Until the 20 1970s, the phrase 'qualitative research' was used only to refer to a discipline of anthropology or sociology. During the 1970s and 1980s qualitative research began to be used in other disciplines, and became a significant type of research in the fields of education studies, social work studies, women's studies, disability studies, information studies, management studies, nursing service studies, political science, psychology, communication studies, and many other fields. Qualitative research occurred in the consumer products industry during this period, with researchers investigating new consumer products and product positioning/advertising opportunities. The earliest consumer research pioneers including Gene Reilly of The Gene Reilly Group in Darien, CT, Jerry Schoenfeld of Gerald Schoenfeld & Partners in Tarrytown, NY and Martin Calle of Calle & Company, Greenwich, CT, also Peter Cooper in London, England, and Hugh Mackay in Mission, Australia. There continued to be disagreement about the proper place of qualitative versus quantitative research. In the late 1980s and 1990s after a spate of criticisms from the quantitative side, new methods of qualitative research evolved, to address the perceived problems with reliability and imprecise modes of data analysis. During this same decade, there was a slowdown in traditional media advertising spending, so there was heightened interest in making research related to advertising more effective. To this date the present representative concept of antropy has a way and hence fort.

In the last thirty years the acceptance of qualitative research by journal publishers and editors has been growing. Prior to that time many mainstream journals were far more likely to publish research articles based upon the natural sciences and which featured quantitative analysis, than they were to publish articles based on qualitative methods.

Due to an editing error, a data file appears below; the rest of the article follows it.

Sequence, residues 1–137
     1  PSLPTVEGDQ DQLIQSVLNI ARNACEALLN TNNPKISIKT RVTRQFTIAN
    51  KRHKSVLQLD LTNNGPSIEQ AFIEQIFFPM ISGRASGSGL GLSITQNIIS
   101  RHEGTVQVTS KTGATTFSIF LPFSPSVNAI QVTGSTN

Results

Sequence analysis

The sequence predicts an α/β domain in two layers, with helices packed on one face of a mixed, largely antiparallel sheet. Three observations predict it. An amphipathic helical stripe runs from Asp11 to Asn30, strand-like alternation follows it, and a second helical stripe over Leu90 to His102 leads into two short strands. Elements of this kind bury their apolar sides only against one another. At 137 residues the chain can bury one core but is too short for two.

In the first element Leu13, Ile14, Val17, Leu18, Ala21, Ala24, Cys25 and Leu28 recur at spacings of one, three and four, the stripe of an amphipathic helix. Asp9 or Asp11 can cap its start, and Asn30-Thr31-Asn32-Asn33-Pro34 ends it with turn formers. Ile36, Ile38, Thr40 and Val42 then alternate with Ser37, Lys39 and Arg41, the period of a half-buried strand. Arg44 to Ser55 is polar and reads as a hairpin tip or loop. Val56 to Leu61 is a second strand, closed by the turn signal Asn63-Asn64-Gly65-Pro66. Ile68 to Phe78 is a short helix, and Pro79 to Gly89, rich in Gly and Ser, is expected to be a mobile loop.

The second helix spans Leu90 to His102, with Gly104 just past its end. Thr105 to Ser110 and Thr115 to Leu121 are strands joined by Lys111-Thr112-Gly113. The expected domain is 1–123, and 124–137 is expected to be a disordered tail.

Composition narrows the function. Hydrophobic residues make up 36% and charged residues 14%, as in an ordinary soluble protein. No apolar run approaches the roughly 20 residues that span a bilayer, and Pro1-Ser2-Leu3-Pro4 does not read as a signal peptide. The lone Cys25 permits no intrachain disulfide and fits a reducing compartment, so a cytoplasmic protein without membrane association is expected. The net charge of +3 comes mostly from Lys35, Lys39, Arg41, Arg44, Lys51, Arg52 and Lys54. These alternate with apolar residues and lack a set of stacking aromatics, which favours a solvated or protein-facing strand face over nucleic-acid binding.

Distinctions from quantitative research

(In simplified terms - Qualitative means a non-numerical data collection or explanation based on the attributes of the graph or source of data. For example, if you are asked to explain in qualitative terms a thermal image displayed in multiple colours, then you would explain the colour differences rather than the heat's numerical value.)

First, in qualitative research, cases can be selected purposefully, according to whether or not they typify certain characteristics or contextual locations.

Second, the researcher's role receives greater critical attention. This is because in qualitative research the possibility of the researcher taking a 'neutral' or transcendental position is seen as more problematic in practical and/or philosophical terms. Hence qualitative researchers are often exhorted to reflect on their role in the research process and make this clear in the analysis.

Third, while qualitative data analysis can take a wide variety of forms, it differs from quantitative research in its focus on language, signs and meaning. In addition, qualitative research approaches analysis holistically and contextually, rather than being reductionistic and isolationist. Nevertheless, systematic and transparent approaches to analysis are almost always regarded as essential for rigor. For example, many qualitative methods require researchers to carefully code data and discern and document themes consistently and reliably.